Will the NFC Be Weak Again in 2023?

Last year, despite a better record, the NFC was perceived to be weak. Will 2023 redeem the conference, or will it be more of the same?

Only one NFC team appears in the top five of Pro Football Network’s Power Rankings, and only three appear in the top 10.

The perceived dominance of the AFC makes things a little bit boring, especially for fans of NFC teams who can sometimes feel like their best shot is to make the playoffs, then hope something fluky happens. Can the NFC come back and restore its reputation as an equal competitor with the AFC?

The NFC Quarterback Situation Is Bleak

Over the past few years, the NFC has been disappointing. Despite the fact that the NFC technically had a winning record against the AFC last year, the perceived strength of the top of the conference made it difficult to believe that they could compete meaningfully when it came to high-level NFL games and the Super Bowl.

The quarterback movement hasn’t helped, either. Though the AFC lost a starter in Derek Carr after he left the Raiders for the Saints, they also lost Aaron Rodgers and Jimmy Garoppolo to AFC teams. On top of that, Tom Brady’s retirement reduced the odds of an NFC team fielding an elite quarterback.

Of the top four quarterbacks in the draft, three went to AFC teams, preventing the NFC from stocking up at the position. At the same time, there seem to be bigger questions surrounding the quarterbacks of top NFC teams than of the top AFC teams.

The Philadelphia Eagles can be pretty confident about Jalen Hurts, and though, on paper, there are probably concerns about passing regression after a huge leap in his pass-game capability — especially after losing his offensive coordinator — those concerns don’t seem realistic at the moment.

MORE: FREE Mock Draft Simulator With Trades

More concerning would be Dak Prescott, whose ceiling is as a top-five quarterback but whose injury history gives good reason to wonder about his ability to play out a full season. He did finish out 2021 but missed significant time in 2022 and 2020. His production last year was concerning as well; the Cowboys quarterback finished 16th in adjusted net yards per passing attempt, which matches his rank in most passing production metrics.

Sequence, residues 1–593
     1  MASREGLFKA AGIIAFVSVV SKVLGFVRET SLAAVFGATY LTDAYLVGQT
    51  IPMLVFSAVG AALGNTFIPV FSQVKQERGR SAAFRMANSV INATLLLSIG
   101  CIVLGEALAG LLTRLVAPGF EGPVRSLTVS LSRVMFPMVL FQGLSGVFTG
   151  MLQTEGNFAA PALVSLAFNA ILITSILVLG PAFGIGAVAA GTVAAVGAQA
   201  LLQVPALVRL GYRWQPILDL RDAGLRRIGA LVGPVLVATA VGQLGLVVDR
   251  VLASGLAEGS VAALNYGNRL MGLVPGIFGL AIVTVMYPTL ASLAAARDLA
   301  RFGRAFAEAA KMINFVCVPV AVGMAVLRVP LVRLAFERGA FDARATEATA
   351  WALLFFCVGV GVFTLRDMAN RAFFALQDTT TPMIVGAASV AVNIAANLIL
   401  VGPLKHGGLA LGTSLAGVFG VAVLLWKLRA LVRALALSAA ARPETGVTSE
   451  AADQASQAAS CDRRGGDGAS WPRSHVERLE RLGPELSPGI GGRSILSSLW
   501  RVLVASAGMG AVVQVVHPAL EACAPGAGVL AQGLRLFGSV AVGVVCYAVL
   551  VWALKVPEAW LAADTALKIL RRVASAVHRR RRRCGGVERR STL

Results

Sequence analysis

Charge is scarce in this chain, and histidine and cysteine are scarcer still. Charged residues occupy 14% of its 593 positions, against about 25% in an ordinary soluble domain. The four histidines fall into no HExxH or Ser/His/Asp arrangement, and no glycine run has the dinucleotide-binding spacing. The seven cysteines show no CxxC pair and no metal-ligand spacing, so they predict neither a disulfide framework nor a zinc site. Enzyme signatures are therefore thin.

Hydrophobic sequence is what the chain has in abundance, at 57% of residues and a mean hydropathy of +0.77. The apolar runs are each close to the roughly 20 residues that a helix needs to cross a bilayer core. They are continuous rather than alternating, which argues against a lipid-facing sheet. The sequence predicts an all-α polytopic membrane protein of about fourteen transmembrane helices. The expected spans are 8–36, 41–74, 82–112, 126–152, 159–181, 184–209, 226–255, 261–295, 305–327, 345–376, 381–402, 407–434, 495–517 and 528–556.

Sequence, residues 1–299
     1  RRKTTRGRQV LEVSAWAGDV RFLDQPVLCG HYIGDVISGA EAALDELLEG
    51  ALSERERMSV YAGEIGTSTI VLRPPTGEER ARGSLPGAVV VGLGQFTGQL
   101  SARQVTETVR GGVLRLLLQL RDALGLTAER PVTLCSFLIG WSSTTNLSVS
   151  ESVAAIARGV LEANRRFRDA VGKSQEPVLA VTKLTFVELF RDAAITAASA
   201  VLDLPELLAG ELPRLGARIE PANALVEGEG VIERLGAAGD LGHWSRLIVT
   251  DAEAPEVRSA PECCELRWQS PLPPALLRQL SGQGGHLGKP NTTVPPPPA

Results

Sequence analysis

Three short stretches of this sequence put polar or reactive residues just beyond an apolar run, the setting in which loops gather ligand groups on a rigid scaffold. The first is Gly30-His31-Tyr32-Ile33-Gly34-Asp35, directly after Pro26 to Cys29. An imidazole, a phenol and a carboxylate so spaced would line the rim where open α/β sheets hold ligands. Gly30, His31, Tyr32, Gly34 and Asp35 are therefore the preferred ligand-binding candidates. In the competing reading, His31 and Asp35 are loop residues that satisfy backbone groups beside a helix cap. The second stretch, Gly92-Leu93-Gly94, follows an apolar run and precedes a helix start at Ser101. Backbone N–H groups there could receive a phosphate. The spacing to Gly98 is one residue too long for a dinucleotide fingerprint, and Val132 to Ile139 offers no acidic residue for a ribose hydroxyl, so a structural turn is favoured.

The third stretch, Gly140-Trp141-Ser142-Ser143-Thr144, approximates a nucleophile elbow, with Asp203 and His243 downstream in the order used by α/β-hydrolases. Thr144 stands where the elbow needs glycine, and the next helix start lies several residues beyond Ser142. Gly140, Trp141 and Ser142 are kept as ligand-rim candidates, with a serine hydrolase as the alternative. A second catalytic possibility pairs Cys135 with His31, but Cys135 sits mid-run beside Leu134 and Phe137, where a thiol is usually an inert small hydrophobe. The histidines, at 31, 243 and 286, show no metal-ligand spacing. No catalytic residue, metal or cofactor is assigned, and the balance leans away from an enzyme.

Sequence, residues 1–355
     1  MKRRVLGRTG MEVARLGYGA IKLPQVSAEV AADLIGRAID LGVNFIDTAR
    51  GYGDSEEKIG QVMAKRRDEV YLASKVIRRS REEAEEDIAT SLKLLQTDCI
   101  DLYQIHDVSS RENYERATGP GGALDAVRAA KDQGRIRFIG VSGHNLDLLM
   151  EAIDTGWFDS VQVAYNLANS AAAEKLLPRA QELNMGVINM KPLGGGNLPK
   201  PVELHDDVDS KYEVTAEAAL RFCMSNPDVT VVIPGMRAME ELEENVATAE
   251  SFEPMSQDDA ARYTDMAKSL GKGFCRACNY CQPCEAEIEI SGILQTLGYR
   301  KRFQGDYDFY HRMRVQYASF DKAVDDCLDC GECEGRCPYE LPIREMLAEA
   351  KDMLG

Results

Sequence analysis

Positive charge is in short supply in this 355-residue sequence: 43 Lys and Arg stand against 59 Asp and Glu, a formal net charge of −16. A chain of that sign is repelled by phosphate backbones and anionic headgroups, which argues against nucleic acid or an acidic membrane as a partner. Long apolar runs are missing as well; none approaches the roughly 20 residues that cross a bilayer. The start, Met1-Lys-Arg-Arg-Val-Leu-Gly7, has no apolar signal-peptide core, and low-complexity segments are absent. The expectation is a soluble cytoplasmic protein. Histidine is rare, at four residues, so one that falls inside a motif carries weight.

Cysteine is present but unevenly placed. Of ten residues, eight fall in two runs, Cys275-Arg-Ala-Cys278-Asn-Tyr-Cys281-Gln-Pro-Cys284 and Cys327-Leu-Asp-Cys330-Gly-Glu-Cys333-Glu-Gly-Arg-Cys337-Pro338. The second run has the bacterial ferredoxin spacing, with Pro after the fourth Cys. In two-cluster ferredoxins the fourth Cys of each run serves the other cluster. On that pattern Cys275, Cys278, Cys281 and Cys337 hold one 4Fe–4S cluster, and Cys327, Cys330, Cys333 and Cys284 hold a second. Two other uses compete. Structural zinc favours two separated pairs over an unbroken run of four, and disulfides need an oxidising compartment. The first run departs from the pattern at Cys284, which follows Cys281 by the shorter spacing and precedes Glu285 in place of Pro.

After the Eagles and Cowboys, the best chance the NFC has at producing a contender might be the San Francisco 49ers, but relying on Brock Purdy to be a surefire elite signal-caller is difficult. Not only is it difficult to be sure he can overcome the injury he sustained in the NFC Championship, but his overall profile might not be sustainable — his regular-season play and postseason play were radically different, and both contained red flags.

After that, the NFC would have to rely on continued production from Geno Smith or Jared Goff, both fairly dicey propositions. And few NFL fans are excited about the prospect of Derek Carr in New Orleans or Daniel Jones in New York.

By contrast, the trust that fans have in Patrick Mahomes, Josh Allen, and Joe Burrow is well-founded, and the return of Lamar Jackson and the addition of Aaron Rodgers brings more quarterback talent to the conference. Tua Tagovailoa may or may not build upon his excellent 2022 campaign (when healthy), as could Trevor Lawrence, but those would be nice additions to the AFC quarterback roster — not necessities for the conference to compete.